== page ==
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Rogue Sourcing

by
Maureen Sharib
Oct 11, 2010, 2:15 pm ET

All truths are easy to understand once they are discovered; the point is to discover them. — Galileo Galilei

The hand came up about halfway down the rows of seated SourceCon attendees after the Sourcing Movie was shown. Here’s the beginning of the show.

“At corporate we prefer to have someone in-between us and the name sourced. We prefer to hire sourcers like you to do the really proactive stuff.”

I think he meant phone sourcing, as that was the demonstration on the movie he had just seen.

Unsaid in that confession is the simple truth that many corporate staffing departments believe that the act of “sourcing,” especially phone sourcing, is best left to third party vendors — that it’s kind of a rogue activity.

That’s all yippee-skippee and profitable to us phone sourcers out here, but moving beyond that is the internal, mistaken, and dangerous belief that there is something not-so-sacrosanct about phone sourcing.

Okay, I’m going to say it. I hate to bring it up because it’s a politically unarguable debate that’s been beaten to death on the boards and that is the subject of ethics.

It’s a fact that many people don’t want to call another on the telephone and ask for information much beyond what it takes to order a pizza. Because this is a basic truth about much of human nature there’s a repugnance that’s developed around the subject of phone sourcing. It’s intimated over and over again among individuals that it’s a borderline honest activity.

Bolstering that repugnance are the lofty ministrations that usually emerge over the subject of calling another company’s employees and offering them another opportunity.

All of the high-handed discussions about the right to poach from other companies are just a screen for fear.

I’m willing to insist here that the loudest criers about “ethics” are those who don’t like to cold-call or, more maliciously, those that don’t want anyone else cold-calling because it breeches their own territories.

Let me ask you another question:

Is it right not to?

The United States Justice Department doesn’t seem to think so.

We who are adamant practitioners of the craft don’t think so.

In fact, some of us who phone source have long since believed, in adherence with what the Justice Department has said on the subject, that “poaching” employees from other companies is the best way to keep a competitive landscape level.

Maybe a best solution is one in which companies (and individuals) think beyond the discomfort and faulty judgments they’ve allowed themselves to tolerate in the past over the subject of phone sourcing.

Maybe it’s time C-levels that are and will be held accountable for their failures to encourage cold-calling within their own organizations get (and give) buy-ins.

The best way to understand something is to practice it.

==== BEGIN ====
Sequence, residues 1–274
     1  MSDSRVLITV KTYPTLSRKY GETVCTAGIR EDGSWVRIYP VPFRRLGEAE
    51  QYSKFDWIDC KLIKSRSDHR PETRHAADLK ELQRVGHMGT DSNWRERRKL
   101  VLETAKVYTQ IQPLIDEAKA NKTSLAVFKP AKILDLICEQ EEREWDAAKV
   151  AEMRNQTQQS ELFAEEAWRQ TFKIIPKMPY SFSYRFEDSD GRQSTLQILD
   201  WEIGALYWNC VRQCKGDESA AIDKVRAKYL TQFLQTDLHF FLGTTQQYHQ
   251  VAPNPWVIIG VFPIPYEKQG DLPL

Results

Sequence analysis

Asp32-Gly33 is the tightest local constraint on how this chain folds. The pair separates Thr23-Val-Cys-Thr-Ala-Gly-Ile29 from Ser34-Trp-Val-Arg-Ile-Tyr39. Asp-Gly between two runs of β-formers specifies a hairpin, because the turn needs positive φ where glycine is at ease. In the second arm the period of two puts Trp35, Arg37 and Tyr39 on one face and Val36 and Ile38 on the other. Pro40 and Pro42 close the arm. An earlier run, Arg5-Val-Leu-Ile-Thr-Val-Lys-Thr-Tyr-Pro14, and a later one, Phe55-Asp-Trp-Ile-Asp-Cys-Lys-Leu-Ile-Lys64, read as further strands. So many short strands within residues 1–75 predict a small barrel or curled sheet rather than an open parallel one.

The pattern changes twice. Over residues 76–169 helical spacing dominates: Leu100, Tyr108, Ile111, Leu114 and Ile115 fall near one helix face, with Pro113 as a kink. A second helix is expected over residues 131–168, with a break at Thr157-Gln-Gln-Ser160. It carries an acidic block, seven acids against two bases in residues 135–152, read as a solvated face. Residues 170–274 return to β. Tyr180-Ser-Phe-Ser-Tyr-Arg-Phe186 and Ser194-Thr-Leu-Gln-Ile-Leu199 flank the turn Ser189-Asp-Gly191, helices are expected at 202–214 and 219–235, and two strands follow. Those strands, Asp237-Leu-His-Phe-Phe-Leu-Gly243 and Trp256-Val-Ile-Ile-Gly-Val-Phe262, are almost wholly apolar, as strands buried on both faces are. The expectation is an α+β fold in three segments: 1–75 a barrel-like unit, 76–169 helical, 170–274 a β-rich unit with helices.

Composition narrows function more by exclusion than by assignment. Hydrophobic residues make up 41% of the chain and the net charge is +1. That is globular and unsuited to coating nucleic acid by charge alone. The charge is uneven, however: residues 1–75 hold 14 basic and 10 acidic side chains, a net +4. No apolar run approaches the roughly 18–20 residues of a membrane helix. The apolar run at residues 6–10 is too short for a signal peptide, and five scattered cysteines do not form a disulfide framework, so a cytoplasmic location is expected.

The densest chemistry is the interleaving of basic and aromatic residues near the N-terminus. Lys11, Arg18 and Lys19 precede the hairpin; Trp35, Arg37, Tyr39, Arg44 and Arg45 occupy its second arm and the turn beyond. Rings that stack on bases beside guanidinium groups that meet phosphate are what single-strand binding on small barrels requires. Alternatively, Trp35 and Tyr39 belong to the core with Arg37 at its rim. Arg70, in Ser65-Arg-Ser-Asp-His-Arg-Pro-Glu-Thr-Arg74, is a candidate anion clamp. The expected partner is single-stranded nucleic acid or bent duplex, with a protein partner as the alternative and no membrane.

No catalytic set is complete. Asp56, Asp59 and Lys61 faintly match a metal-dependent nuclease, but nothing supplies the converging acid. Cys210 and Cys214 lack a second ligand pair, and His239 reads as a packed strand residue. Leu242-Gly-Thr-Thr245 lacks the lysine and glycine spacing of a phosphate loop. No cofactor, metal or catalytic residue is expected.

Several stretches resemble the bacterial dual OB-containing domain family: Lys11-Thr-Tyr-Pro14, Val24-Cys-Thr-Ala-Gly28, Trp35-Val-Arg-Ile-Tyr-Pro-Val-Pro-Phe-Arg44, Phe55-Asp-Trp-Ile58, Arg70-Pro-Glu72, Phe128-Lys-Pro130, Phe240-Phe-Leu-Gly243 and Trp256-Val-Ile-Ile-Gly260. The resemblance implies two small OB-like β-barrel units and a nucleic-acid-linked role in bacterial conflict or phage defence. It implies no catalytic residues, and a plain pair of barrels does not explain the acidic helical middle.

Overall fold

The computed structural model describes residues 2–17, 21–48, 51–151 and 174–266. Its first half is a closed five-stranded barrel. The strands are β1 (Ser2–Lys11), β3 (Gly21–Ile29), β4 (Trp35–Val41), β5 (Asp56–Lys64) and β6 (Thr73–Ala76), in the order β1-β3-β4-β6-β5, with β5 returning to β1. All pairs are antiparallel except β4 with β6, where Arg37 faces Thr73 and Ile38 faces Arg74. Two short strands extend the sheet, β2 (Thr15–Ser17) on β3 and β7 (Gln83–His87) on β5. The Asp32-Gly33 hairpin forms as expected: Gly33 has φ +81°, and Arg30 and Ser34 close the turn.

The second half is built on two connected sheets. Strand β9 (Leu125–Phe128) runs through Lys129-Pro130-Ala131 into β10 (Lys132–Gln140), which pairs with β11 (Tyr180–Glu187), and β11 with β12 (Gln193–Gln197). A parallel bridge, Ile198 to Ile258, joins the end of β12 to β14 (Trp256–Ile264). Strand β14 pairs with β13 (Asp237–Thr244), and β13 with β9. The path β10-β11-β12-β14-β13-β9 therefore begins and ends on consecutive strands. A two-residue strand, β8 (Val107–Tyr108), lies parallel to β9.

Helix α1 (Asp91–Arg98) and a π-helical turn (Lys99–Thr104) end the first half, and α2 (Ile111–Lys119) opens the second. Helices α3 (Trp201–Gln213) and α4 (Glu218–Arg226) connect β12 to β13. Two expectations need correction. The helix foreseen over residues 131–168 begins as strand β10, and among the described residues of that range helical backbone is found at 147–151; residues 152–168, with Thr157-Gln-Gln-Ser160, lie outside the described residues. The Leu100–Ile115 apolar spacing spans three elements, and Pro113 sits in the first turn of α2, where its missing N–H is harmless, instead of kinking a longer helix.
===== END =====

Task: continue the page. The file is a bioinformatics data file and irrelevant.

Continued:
Maybe it’s time to go rogue.

This article is provided for informational purposes only and is not intended to offer specific legal advice. You should consult your legal counsel regarding any threatened or pending litigation.

  1. Wayne Wauters

    One way a company could source without feeling so much guilt would be to get into the sourcing business. Companies could set up independent small companies and “contract” with these companies to get the job of telephone sourcing done. At the company I work for I have been told that it is ok to cold call people who are not directly in our market. I can call people in other cities and other states but you are right about our direct competitors. My company does not want us cold calling the people next door.

  2. Robert Dromgoole

    Well, I suppose there’s a ‘rogue’ element to it. My guess it’s mainly inability to do it, lack of time to do it, non-interest in doing it, or some combination thereof. That’s great for you though!

  3. Thomas Bolt

    Before faster tools were available the phone was high tech. I guess phone sourcing is considered “rogue” today because nobody seems to wants to start there anymore. It’s not sexy. The trend is to use impersonal computer searches instead of a personal contact as the initial step. The comfort level is lower because people can push back and computers usually don’t. Ironically, the job is not done until somebody picks up the phone.

    Effective sourcing requires the selection of the most appropriate tool for the job, practicing the skillful application of the tool, and fine tuning the process when results are elusive. Most of us are “hybrid” sourcers rather than single tool advocates, but thankfully we have Maureen to keep us from forgetting our sourcing roots and to challenge us not to forget the basics.

  4. Brian Kevin Johnston

    Great article Maureen- Sourcing, Cold Calling, etc. is all about SERVICE. If you believe in your product, service or company, YOU OWE IT TO YOUR CUSTOMER’S (potential customer’s/future employees)to get your story/job/product/service in front of them…

    Bottom line, if you are unwilling to “Cold Call” you either are not “sold” on your product,service, company, etc OR, you are a Lazy, Entitled, Narcissistic type, and encourage you to challenge that type of thinking…

    Best to ALL, Brian-

  5. Keith Halperin

    @ Maureen:
    A thoughtful article. I’d like to suggest that we ask a different question- WHO should source?
    IMHO (and experience), the vast majority of telephone and internet sourcing can be done very effectively by virtual sourcers for around $11/hr.